Friday, 1 October 2010

Mulholland Drive Review...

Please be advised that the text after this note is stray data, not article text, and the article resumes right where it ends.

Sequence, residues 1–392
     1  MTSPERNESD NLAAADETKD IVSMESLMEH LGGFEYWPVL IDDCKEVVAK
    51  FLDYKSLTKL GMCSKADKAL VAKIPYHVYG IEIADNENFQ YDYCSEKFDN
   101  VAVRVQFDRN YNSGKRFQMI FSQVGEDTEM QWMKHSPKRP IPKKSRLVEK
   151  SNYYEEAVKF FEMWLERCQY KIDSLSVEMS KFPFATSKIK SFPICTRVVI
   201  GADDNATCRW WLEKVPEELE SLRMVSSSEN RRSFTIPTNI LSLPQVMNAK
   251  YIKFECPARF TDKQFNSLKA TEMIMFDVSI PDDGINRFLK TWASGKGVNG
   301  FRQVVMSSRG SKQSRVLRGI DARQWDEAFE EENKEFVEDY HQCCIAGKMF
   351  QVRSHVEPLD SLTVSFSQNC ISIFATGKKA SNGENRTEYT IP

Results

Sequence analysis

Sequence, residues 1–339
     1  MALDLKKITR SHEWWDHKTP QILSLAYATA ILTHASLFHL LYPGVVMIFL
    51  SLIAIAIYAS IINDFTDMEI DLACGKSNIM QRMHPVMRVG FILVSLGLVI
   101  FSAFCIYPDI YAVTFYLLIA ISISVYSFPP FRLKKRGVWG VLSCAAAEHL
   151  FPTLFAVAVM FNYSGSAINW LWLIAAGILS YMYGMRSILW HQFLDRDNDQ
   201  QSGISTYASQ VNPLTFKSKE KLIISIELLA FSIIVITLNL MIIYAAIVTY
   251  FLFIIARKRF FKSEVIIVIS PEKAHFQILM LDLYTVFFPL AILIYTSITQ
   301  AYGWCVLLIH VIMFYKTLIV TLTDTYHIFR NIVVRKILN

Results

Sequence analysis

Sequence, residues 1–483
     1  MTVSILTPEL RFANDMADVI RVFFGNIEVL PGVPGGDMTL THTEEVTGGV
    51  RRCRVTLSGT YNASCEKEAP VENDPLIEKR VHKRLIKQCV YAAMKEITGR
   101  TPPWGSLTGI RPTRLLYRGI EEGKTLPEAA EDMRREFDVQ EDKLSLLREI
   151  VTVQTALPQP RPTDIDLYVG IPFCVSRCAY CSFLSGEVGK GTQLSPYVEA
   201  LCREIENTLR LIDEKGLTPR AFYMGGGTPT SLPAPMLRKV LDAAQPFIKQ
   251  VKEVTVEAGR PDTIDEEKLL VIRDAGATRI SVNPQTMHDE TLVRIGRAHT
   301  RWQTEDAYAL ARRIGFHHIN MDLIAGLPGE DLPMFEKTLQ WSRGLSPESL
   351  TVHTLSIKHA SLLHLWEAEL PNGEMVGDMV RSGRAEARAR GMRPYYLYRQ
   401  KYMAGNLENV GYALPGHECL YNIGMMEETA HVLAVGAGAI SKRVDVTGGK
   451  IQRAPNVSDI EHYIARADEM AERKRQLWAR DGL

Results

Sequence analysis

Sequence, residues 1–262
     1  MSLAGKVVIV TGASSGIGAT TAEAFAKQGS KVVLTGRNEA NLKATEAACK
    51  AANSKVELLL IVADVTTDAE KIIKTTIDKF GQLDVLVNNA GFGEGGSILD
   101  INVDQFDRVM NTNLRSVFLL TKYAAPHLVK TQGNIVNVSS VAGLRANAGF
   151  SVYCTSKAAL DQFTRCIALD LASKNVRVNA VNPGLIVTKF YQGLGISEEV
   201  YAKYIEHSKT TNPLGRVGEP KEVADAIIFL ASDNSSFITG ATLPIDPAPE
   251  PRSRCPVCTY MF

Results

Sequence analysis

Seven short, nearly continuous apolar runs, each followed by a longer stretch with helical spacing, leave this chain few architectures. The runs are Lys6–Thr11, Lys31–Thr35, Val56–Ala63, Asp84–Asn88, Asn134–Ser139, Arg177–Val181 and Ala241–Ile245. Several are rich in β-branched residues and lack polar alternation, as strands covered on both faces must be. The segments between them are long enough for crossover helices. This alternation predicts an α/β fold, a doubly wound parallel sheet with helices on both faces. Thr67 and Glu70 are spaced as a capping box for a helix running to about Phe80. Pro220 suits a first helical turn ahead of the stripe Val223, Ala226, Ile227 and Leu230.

Mulholland Drive is a 2001 American neo-noir psychological thriller written and directed by David Lynch. The surrealist film was highly acclaimed by many critics and earned Lynch the Best Director Award at the 2001 Cannes Film Festival as well as an Oscar nomination for Best Director. The film is widely regarded as one of Lynch's finest works, alongside Eraserhead (1977) and Blue Velvet (1986), and has been chosen by many critics as representing a significant perspective of the 2000s. The plot follows a bright-eyed young actress who travels to Hollywood, only to be ensnared in a dark conspiracy involving a woman who was nearly murdered, and now has amnesia because of a car crash. Eventually, both women are pulled into a psychotic illusion involving a dangerous blue box, a director named Adam Kesher, and the mysterious night club Silencio. The film has you under the impression that you know where the storyline is going, but everytime you feel you have it sussed, Lynch throws in a new twist. For the first half of the film, Lynch leads you into a full sense of security making you believe you are watching a murder mystery film, but by the end of the film it's impossible to pin-point what you have actually just seen. Trying to put the pieces together in this film isn't possible and as Phil explained, Lynch likes to let the audience know that it is just a film, it isn't reality, it's a made-up story and he plays with this idea really well. The non-linear storyline begins shortly after the surreal scene in club Silencio, and from then on you are taken on a rollercoaster ride. I tried to keep up with what was happening but after a while i gave into the fact that there is no sense to this film. Despite coming out of the lesson rather confused, Mullholland Drive was an extremely interesting film and i found myself on the edge of my seat throughout, contemplating what would happen next.

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